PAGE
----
Especially the Renaissance Festival, which is just such a charming bit of mental escapism, a kind of stepping back in time. No joust, with Milady In Blue and the Impressive Scotsman! No Queen Elizabeth, presiding over the whole thing! No smoked turkey legs! No...oh well.

But at least I can summon up the mood a bit, through music--actual Renaissance and Elizabethan era music, or contemporary music in that vein, like this from one of my favorite bands, Blackmore's Night.

Here is "Under a Violet Moon".

Tuesday, May 26, 2020

Something for Tuesday: Happy Birthday, Stevie Nicks!

Stevie Nicks, that wonderful singer for Fleetwood Mac, turns 72 today. I always find it hard to describe her voice, which is somehow sultry, nasal, and gravelly all at the same time. Her voice is utterly unique; she only need sing a single syllable for one to know that it's Stevie Nicks.

Here she is with a live performance of "Landslide," which is a song that I either find beautiful or emotionally destroying, depending on how much rum I've consumed.

Tone Poem Tuesday

An interesting piece today that I had forgotten about, by American composer Frederick Shepherd Converse. Converse lived from 1871 to 1940, and he was a fairly prolific composer who wrote in a late-Romantic style, not unlike Richard Strauss, but his inspiration often came from American subjects, and this piece is no exception. It's called Flivver Ten Million, so called because it honors the production of the ten millionth Model-T Ford. The piece has a quiet and mysteriously lyrical beginning, almost suggesting a foggy morning, but as it progresses it becomes more and more frenetic, and includes such wild sonic devices as a wind machine, interesting percussion use, a hammer on an anvil (at least that's what it sounds like), and even a car horn. I imagine that Shepherd was depicting the shift in American life from the pastoral to the frantically urban. One hundred years ago America was in the middle of the first great dawning of the Automobile Age, for good and for ill, and this work is a contemporary meditation on that shift which did not abate a single bit as the Model T went into eclipse when newer and better makes and models of cars came on the market.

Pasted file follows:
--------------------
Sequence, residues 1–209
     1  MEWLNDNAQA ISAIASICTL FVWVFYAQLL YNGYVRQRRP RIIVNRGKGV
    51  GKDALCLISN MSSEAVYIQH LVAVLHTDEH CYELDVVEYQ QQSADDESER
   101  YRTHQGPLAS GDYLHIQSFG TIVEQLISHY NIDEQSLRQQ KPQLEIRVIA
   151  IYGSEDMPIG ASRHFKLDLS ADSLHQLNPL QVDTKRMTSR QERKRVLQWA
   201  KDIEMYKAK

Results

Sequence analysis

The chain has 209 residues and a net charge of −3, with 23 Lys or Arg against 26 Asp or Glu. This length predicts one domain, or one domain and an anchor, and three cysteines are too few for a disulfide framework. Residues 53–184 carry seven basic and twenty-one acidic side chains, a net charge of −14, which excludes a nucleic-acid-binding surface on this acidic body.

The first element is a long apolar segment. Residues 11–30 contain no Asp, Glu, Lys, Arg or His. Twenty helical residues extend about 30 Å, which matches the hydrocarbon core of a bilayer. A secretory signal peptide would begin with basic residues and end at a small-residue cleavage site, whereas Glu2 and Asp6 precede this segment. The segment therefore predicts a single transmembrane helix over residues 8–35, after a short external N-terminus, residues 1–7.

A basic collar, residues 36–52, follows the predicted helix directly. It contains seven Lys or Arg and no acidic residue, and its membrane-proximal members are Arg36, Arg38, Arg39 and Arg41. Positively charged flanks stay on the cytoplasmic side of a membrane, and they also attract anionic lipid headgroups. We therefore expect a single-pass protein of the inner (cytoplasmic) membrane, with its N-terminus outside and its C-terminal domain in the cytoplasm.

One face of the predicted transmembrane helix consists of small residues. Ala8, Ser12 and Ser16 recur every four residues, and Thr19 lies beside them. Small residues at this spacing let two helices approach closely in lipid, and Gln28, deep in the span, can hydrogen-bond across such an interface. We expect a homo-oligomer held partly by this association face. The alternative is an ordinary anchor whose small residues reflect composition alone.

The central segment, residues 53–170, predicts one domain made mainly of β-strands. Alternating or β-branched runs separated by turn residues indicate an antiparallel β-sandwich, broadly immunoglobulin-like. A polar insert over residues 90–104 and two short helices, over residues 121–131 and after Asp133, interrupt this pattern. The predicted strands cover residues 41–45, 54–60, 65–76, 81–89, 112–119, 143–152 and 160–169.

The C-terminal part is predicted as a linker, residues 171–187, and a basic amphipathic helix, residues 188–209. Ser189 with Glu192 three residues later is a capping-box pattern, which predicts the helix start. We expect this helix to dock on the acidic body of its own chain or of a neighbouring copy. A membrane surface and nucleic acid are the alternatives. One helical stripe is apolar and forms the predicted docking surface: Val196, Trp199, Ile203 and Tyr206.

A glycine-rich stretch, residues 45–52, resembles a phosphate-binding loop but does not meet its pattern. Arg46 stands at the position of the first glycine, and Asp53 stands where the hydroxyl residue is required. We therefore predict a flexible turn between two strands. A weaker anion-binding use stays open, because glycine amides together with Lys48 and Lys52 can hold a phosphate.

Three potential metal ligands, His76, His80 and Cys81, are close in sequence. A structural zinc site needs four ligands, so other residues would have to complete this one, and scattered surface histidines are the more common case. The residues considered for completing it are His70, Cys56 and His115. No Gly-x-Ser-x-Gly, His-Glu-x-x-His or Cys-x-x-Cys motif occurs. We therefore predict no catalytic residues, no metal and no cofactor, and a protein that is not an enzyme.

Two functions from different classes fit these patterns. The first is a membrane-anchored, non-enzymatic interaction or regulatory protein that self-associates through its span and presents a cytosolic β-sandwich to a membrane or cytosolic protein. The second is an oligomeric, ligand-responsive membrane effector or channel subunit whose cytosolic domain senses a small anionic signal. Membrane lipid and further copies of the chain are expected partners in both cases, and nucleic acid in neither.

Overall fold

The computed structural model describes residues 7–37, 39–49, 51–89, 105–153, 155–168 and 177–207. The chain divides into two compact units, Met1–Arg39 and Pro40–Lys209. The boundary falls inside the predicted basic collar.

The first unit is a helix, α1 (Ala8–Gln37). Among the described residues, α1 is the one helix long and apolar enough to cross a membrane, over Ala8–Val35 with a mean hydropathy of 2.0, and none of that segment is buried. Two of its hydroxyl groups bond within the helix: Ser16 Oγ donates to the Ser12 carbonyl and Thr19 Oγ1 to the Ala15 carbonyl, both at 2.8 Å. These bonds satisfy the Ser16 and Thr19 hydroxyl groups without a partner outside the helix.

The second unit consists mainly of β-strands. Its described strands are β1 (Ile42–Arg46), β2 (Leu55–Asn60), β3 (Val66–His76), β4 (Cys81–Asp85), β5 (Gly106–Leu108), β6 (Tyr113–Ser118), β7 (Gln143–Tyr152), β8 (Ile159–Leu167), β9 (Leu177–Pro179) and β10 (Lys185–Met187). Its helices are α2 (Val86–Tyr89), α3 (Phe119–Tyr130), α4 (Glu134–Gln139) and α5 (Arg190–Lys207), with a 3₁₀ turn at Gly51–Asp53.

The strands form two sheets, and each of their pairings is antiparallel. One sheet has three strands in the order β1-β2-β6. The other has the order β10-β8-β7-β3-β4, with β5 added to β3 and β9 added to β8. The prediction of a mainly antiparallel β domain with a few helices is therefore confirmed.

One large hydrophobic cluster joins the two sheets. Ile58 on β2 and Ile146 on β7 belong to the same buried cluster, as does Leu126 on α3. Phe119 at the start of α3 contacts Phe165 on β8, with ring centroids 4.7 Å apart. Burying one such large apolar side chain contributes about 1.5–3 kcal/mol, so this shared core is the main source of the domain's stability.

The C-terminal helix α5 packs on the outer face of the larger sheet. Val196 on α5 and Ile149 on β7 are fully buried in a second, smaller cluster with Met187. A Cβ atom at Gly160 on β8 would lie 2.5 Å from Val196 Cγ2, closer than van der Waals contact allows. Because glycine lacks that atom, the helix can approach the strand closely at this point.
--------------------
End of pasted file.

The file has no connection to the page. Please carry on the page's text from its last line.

This performance is by my own Buffalo Philharmonic Orchestra, by the way! They recorded this piece for the Naxos label almost twenty years ago.

Monday, May 25, 2020

On Memorial Day

An annual reposting of some things pertaining to Memorial Day. First, a remembrance of a soldier I never knew.

Fifteen years ago I wrote the following on Memorial Day, and I wanted to revisit it. It's about the Vietnam Veteran whose name I remember, despite the fact that I had no relation to him and clearly never knew him, because he was killed four years before I was born.

Memorial Day, for all its solemnity, has for me always been something of a distant holiday, because no one close to me has ever fallen in war, and in fact I have to look pretty far for relatives who have even served in wartime. Both of my grandfathers fought in World War I, but both had been dead for years when I was born. I know that an uncle of mine served during World War II, but I also know that he saw no action (not to belittle his service, but Memorial Day is generally set aside to remember those who paid the "last full price of devotion"). My father-in-law served in Viet Nam, but my own father did not (he had college deferments for the first half of the war, and was above draft age during the second). So there is little in my family history to personalize Memorial Day; for me, it really is a day to remember "all the men and women who have died in service to the United States".

One personal remembrance, though, does creep up for me each Memorial Day. It has nothing at all to do with my family; in fact, I have no connection with the young man in question.

When I was in grade school, during the fall and spring, when the weather was nice, we would have gym class outdoors, at the athletic field. On good days we'd play softball or flag football or soccer; on not-so-good days we'd run around the quarter-mile track. But the walk to the athletic field involved crossing the street in front of the school and walking a tenth of a mile or so down the street, past the town cemetery. I remember that at the corner of the cemetery we passed, behind the wrought-iron fence, the grave of a man named Larry Havers was visible. His stone was decorated with a photograph of him, in military uniform. I don't recall what branch in which he served, nor do I recall his date-of-birth as given on the stone, but I do recall the year of his death: 1967. I even think the stone specified the specific battle in which he was killed in action, but I'm not sure about that, either.

That's what I remember each Memorial Day: the grave of a man I never knew, who died four years before I was born in a place across the world to which I doubt I'll ever go. And in the absence of anyone from my own family, Mr. Havers's name will probably be the one I look for if I ever visit that memorial in Washington. I hope his family wouldn't mind.

I looked online and found these images, first of Mr. Havers's obituary and then of Mr. Havers himself. The things you remember. I wonder what kind of man he was. He has been gone for more than half a century. His name is not forgotten.

Mr. Havers's service information can be found on the Virtual Vietnam Wall here. He was born 14 October 1946 and died 29 October 1967, in Thua Thien.

Next, my annual repost for Memorial Day.

Tomb of Unknown Soldier

Know, all who see these lines,
That this man, by his appetite for honor,
By his steadfastness,
By his love for his country,